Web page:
But luckily, treacherous elements could not swallow that intangible which made the Cebu Roosevelt Memorial Colleges what she was then. She was a child of determination. And, leaning back on her father (the founder) again, she rose amid the debris with a vengeance, shown by the much bigger and much taller 5-storey Christina Hall and the 6- storey Jacinto Hall which sprung from the very same site.

As was the case during its inception to the academic world, the task of rebuilding the physical attributes of the institution was led by no less than the founder, Victor V. Lepiten, Sr., who fresh from a fruitful but rigorous stint with the public schools, refused to be wooed by the bliss of a care-free retired life. In his capacity as President, he along with a handful of loyal board of directors, friends and family members, set sail for an unchartered course.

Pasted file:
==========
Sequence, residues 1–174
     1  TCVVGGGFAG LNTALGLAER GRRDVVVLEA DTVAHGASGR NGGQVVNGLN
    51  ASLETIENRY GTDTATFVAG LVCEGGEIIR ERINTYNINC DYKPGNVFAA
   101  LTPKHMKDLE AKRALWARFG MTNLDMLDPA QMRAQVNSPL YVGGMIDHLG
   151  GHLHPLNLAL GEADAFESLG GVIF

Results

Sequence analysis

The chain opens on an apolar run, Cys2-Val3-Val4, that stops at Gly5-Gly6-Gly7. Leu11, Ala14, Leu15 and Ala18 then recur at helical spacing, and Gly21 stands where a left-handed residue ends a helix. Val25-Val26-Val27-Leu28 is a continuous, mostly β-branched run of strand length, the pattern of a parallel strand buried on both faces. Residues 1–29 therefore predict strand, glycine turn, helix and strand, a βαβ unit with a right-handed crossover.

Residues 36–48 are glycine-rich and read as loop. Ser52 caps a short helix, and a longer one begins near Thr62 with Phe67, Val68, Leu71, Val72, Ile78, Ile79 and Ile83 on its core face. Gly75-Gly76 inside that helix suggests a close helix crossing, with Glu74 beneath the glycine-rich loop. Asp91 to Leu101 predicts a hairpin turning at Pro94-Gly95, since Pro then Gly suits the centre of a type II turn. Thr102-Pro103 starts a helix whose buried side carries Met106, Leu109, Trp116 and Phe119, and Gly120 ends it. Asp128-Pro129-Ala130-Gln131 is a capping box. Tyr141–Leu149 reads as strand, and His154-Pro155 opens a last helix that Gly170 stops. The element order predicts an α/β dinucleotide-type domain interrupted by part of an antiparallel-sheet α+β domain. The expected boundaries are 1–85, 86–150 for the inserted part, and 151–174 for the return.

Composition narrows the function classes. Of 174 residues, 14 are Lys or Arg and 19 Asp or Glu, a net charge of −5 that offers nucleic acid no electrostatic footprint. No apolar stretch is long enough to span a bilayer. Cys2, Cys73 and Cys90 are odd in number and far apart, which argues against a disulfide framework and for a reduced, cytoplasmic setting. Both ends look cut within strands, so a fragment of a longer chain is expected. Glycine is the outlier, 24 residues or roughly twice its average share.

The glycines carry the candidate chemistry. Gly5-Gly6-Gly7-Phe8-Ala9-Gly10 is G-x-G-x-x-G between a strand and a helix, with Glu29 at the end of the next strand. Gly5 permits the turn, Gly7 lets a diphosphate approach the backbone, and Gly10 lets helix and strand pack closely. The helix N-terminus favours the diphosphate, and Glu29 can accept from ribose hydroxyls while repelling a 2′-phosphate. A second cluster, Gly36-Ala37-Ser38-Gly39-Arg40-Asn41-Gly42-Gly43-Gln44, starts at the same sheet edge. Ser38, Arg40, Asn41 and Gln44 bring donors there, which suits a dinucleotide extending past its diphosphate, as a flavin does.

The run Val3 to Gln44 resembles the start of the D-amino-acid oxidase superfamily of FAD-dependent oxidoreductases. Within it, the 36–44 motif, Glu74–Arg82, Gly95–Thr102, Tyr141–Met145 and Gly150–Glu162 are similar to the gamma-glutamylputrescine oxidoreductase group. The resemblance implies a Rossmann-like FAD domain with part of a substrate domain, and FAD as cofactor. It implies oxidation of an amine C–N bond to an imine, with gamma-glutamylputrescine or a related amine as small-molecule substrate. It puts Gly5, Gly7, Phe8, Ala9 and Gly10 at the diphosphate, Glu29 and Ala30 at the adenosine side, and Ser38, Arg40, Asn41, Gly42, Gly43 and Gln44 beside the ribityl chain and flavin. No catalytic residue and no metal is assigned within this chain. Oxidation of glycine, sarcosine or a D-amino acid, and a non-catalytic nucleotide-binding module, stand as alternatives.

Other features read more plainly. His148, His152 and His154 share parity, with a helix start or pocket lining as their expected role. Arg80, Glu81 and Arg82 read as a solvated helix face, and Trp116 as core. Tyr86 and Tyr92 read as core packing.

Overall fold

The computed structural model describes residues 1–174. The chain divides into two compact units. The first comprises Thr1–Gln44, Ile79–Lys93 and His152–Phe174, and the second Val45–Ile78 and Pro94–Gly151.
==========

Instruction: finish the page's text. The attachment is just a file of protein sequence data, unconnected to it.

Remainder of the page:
The voyage, though rough, did not prove to be lonely. Rather than be passive, the communities that were the consistent beneficiaries of CRMC service, enhanced their patronage to the point where the institution’s dynamic leaders could proclaim an unprecedented increase in enrolment.

Then came the inevitable clamor for more services. In response to this, CRMC opened its doors on July, 1964 bringing forth one of its most distinct achievements: Offering the degree of Master of Arts in Education. In the same year the 4-year course leading to the degree of Bachelor of Arts was made complete.

1967